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Alabama Workers Compensation Questions: (15) What if I have a permanent injury as the result of my job injury?

Alabama Workers Compensation Questions: (15) What if I have a permanent injury as the result of my job injury?

Once you have reached maximum medical improvement (MMI), the treating physician will give an opinion as to whether you have sustained a permanent physical impairment as a result of your job injury. If you have not suffered a permanent injury (as is oft the case after a hernia has been repaired), your case is essentially over, although your employer and their workers compensation insurance provider will remain responsible for any medical treatment you require in the future related to your job injury. If you have suffered a permanent injury as a result of your job injury, then you are entitled to compensation based on said impairment.

Alabama’s Workers Compensation Act has broken permanent physical impairments into two categories: (1) Scheduled Injuries and (2) Unscheduled Injuries.

Scheduled Injuries are injuries to a specific body part, where the injury or pain does not interfere with the efficient functioning of other body non scheduled body parts. Alabama’s Workers Compensation Statute lists the number of weeks of permanent physical disability benefits an injured worker is entitled to receive (eg, 62 weeks for the loss of a thumb, 170 weeks for the loss of a hand, 222 weeks for the loss of an arm below the shoulder, etc.). While the Alabama Legislature did not define what a permanent physical impairment means, most physicians give impairment ratings based on the A.M.A. Guides to Permanent Impairments, and this rating is a good starting point to use in trying to determine the amount of compensation the injured worker is entitled to.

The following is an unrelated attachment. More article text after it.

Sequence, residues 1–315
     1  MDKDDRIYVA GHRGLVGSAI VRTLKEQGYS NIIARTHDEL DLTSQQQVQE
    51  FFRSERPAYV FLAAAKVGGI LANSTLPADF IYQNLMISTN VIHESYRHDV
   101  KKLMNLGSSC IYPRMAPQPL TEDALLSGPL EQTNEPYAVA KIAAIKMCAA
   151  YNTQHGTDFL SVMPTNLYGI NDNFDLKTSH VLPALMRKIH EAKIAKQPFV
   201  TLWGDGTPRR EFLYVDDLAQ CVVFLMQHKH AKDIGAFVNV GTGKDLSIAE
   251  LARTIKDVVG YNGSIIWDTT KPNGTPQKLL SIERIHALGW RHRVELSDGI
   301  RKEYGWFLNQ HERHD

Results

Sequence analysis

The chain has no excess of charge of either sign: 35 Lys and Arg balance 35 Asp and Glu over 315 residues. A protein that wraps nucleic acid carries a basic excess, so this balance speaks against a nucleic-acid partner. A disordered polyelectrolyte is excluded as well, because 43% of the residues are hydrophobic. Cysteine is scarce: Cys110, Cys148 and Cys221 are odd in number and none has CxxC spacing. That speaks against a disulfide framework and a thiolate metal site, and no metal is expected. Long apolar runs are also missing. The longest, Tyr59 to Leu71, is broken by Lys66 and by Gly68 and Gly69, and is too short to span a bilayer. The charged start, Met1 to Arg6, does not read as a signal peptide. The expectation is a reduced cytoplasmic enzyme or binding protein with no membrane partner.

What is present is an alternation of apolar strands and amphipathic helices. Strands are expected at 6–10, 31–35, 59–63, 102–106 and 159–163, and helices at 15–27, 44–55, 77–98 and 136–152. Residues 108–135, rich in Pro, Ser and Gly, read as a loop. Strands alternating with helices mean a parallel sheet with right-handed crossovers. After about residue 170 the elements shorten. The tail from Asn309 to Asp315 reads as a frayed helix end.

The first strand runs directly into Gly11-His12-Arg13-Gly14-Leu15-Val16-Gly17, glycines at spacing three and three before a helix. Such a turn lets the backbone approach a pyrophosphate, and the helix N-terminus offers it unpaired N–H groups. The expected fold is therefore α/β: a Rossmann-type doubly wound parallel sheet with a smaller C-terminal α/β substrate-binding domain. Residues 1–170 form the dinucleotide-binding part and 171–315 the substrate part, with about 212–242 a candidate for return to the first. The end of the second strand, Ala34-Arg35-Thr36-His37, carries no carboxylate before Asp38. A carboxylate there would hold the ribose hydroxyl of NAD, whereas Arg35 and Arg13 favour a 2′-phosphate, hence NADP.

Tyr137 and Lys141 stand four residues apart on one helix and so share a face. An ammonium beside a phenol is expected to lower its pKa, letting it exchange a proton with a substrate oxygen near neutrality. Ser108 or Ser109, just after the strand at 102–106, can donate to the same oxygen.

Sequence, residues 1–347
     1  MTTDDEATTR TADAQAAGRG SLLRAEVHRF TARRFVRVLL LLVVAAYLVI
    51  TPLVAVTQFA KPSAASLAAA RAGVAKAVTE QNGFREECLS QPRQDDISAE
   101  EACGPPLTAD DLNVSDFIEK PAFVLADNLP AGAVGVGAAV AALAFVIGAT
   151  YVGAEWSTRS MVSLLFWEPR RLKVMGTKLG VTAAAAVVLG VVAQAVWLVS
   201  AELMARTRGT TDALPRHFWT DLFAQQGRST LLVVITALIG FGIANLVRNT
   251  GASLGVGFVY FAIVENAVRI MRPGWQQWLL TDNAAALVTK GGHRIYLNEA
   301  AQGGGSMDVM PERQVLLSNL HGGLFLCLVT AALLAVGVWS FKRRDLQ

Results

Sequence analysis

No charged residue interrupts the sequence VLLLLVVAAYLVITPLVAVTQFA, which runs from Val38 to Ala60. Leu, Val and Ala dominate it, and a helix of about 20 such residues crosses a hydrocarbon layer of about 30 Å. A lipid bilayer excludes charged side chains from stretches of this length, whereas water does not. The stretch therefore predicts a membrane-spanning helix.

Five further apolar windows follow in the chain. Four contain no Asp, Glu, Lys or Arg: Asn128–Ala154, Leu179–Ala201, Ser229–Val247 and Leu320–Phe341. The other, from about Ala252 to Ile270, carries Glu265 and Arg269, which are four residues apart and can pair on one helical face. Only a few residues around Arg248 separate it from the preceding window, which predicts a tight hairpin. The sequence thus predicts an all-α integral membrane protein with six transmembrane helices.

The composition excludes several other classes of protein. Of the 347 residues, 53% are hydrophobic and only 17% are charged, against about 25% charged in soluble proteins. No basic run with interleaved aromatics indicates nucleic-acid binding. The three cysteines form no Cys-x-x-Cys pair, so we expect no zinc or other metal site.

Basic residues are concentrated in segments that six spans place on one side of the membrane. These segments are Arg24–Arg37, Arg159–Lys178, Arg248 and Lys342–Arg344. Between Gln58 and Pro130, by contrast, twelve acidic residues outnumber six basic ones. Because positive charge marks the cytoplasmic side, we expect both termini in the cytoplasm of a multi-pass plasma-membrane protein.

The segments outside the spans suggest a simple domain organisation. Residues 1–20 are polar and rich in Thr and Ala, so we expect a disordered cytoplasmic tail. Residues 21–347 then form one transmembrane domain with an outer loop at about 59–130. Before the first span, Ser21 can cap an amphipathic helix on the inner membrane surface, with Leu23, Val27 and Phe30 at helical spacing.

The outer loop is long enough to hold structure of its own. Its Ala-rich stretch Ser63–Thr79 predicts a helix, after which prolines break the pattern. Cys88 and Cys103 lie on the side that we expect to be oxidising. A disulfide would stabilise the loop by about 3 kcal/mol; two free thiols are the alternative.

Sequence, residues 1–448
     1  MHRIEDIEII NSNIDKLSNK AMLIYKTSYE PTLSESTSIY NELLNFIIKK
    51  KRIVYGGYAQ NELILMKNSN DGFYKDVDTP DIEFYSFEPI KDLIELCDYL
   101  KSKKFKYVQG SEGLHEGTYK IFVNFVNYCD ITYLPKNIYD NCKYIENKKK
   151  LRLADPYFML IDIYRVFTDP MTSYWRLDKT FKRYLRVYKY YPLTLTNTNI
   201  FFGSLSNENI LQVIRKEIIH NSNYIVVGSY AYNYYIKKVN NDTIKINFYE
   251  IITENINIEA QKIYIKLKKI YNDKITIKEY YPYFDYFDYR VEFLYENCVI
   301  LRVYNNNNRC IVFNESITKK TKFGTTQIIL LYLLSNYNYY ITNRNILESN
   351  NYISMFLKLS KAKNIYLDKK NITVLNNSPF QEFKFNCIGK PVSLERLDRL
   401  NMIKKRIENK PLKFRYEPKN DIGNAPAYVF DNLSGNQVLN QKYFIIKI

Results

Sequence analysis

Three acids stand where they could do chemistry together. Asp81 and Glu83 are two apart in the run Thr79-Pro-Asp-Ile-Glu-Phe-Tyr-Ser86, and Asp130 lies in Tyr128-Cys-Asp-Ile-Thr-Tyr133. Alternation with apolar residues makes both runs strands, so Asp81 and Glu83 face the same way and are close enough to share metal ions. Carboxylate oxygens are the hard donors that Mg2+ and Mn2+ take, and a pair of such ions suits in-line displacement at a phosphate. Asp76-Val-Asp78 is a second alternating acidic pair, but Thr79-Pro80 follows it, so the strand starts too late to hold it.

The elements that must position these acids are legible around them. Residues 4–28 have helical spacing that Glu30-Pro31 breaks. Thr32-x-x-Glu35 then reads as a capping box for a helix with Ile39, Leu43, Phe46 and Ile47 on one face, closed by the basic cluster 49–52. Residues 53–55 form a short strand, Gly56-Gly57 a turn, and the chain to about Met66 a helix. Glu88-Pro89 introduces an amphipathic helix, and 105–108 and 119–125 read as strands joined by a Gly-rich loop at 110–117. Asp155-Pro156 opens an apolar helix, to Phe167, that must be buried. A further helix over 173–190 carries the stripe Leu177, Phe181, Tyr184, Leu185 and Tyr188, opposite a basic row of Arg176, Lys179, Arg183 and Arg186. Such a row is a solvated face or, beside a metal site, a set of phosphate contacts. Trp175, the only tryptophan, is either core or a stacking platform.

Non-Scheduled Injuries are injuries to a workers’ spine, neck, back, shoulders, hips and also incorporates injuries which effect the efficient functioning of the body as a whole (such as RSD). These injuries entitle the injured worker to 300 weeks of permanent physical impairment benefits, and unlike injuries to a schedule member, if a non scheduled permanent impairment prohibits the injured worker from returning to their past work or from making the same amount of money, the injured worker is also entitled to vocational benefits.

Medical benefits for both scheduled and non schedule injuries remain the responsibility of your employers’ workers compensation insurance provider for life as long as the treatment is related to the initial job injury.

If you have suffered a permanent impairment as the result of a job injury and you would like to speak with an experienced Alabama Workers Compensation attorney, the Alabama Job Injury attorneys at would be happy to speak with you.

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